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Brexit: it’s not going away

January 11th, 2020

Black swans apart, it’ll still be the biggest domestic issue of 2020

Brexit seems destined to end with a whimper not a bang. Indeed, after the failure of Mark Francois’ attempt to have Big Ben ring out the moment, it won’t even end with a bong.

Three and a half years after the referendum, seven years after Cameron’s Bloomberg Speech and 32 years after Delors and Thatcher set the Anglo-European fissure in motion in their respective addresses to the TUC and in Bruges, the energy has drained from the debate. For Now. One side has won and both are exhausted and desperately keen to move on to something else – as is the political media.

Even without Trump-and-Iran, Harry-and-Meghan or the breakthrough in N Ireland, the coverage of these final stages of Brexit would be limited: they might be extremely important but there’s no longer any drama: Johnson has his majority, will win the votes and Labour is too distracted by its leadership contest to even try to challenge the government beyond going through the motions in Westminster.

That might change when the Lords have their turn to scrutinize the Bill and I wouldn’t be at all surprised to see amendments pass to restore some of the clauses dropped from the pre-election version of the Bill. If so, the government is highly likely to simply knock them back out when it returns to the Commons but either way, the Lords won’t challenge either the Bill itself or the main provisions.

It is true that the European Parliament also needs to ratify the Withdrawal Agreement and that before Christmas Guy Verhofstadt floated the idea of rejecting it in order to secure further British concessions but I don’t expect that to come to anything. The majority of the EP must also be sick of the subject and with the UK, EU27 and Commission aligned, would they really want to precipitate another crisis – particularly with a UK government that’d be quite likely to refuse to request the new extension which would then be needed, and where the risks of failure would be so great? I doubt it.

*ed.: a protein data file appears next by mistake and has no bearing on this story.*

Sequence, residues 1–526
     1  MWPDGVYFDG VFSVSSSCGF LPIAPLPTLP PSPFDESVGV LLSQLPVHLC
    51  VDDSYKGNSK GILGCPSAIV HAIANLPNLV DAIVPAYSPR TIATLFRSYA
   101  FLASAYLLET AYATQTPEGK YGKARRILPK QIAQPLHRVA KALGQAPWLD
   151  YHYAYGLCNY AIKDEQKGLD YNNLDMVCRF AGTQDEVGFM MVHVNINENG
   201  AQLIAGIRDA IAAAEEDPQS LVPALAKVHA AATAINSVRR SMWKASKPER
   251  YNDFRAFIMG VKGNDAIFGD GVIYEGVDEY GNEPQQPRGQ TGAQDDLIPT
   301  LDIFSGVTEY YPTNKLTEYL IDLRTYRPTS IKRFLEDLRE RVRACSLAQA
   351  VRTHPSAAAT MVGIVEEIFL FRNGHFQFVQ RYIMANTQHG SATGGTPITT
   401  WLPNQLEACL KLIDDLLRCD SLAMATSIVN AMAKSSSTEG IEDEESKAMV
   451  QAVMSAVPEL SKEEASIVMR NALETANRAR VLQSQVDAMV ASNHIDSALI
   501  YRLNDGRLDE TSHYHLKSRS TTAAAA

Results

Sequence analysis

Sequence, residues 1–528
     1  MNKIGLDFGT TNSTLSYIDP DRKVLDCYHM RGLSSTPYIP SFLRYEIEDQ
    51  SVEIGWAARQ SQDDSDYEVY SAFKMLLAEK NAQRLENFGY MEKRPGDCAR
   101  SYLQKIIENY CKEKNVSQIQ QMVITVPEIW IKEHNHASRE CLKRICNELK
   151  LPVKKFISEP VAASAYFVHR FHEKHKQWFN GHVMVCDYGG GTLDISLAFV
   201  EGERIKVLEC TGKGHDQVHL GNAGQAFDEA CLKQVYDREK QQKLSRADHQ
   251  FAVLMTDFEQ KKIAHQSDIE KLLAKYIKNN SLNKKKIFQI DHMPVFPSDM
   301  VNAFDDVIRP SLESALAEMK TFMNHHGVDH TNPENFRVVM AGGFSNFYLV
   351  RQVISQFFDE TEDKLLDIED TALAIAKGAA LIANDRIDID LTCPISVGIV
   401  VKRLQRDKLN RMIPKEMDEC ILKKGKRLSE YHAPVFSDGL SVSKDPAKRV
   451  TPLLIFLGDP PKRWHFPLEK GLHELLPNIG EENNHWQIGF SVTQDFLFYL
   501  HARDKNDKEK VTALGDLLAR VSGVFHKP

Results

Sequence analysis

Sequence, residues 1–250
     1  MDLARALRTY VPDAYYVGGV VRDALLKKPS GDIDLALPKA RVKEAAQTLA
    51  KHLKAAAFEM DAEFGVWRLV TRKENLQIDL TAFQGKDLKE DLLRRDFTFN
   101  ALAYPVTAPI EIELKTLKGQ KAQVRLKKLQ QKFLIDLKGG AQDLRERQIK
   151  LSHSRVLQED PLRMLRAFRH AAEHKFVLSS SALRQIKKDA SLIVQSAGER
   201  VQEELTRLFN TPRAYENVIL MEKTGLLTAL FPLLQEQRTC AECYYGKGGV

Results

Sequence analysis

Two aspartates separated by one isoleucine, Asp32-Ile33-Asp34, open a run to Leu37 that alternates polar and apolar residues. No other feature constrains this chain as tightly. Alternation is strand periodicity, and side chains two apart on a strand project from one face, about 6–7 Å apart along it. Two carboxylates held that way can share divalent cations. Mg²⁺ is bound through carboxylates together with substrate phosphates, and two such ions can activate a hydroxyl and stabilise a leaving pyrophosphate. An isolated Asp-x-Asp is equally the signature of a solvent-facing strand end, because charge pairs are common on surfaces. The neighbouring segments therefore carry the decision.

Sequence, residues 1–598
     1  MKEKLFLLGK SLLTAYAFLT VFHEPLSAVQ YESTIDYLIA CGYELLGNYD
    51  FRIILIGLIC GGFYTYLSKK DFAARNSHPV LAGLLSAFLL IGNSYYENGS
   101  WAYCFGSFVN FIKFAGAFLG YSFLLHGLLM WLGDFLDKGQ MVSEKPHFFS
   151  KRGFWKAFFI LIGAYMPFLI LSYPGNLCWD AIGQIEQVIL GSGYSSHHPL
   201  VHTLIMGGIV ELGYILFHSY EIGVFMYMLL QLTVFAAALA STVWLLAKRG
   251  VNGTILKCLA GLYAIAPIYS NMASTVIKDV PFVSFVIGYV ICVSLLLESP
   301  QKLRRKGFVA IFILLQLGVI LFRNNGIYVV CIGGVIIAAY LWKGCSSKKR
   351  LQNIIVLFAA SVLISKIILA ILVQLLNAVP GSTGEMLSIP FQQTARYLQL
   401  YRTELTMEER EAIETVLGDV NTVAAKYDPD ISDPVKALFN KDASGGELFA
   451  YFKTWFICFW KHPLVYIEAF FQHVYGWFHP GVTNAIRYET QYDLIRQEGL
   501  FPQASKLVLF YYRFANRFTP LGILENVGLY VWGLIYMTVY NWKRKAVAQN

So, once over the line and with Britain out of the club on 31 January, job done? Of course not. For all the desire to move on in 2020, there’ll still be three big Brexit arguments this year. The best way to understand them is to work backwards.

Lastly, there’s the trade deal itself. Britain is due to exit the transition period on 31 December, at the moment without any further form of future relationship beyond the commitments contained in the Withdrawal Agreement. This will almost certainly result in three or four months of intense negotiations in the autumn and winter to try to cobble something together.

While ‘cobbling things together’ isn’t the normal process of trade talks, which usually take years if not decades, they don’t usually operate under the time pressures involved here, nor are they usually about limiting the increase in trade barriers rather than reducing them.

In theory, that deadline isn’t quite so tight. Article 132 of the Withdrawal Agreement gives the option to extend for up to 2 years. In practice, two things mean this is unlikely. The first is that the decision has to be taken before 1 July – but at that point, all the pressure in the UK will still be to stick to the original timetable. Johnson will no doubt as usual be detail-light and optimism-heavy: not a combination to favour the caution of requesting an extension – especially as the issue won’t appear critical. And he will want Brexit put to bed early on in the parliament, both to put time between any immediate hit and the next election for reasons of both political memory and recovery opportunity and to enable the government to concentrate on its domestic agenda.

That therefore will be the second, and smallest, of the clashes: whether to extend or not. Some reports from Brussels suggest that the EU leaders think that with his large majority, Johnson is no longer in the grip of the ERG. This mistakes his position. His majority – those Red Wall seats and their equivalents elsewhere in the country – were won in large part of a strong pro-Brexit stance. Whether or not the MPs are actually members of the ERG, on this issue they will be exerting the same pressure.

The other reason that the UK government won’t want to extend is that it makes sequencing the talks more practical – and sequencing is something the EU will be very keen on, as it was in the original talks. There, the UK didn’t have much choice: there was a hard(ish) deadline and if the EU didn’t want to talk trade there was little serious pressure that could be brought to bear in order to make them.

Here, however, while the EU will still want to put its own priorities first and dangle the carrot of UK interests for later, the dynamics aren’t quite so favourable to Brussels. We can assume that the trade deal is a single entity so refusing to agree to sequenced talks wouldn’t take anything else down with it. Even so, ‘talks about talks’ and procedural wrangling could well consume months – adding to the pressure for an extension.

All of which is to say that Brexit won’t go away at all, however much public, media and politicians might like it to. There’s a high chance that this time next year, we’ll be dealing with the fall-out from a failure to strike a deal

David Herdson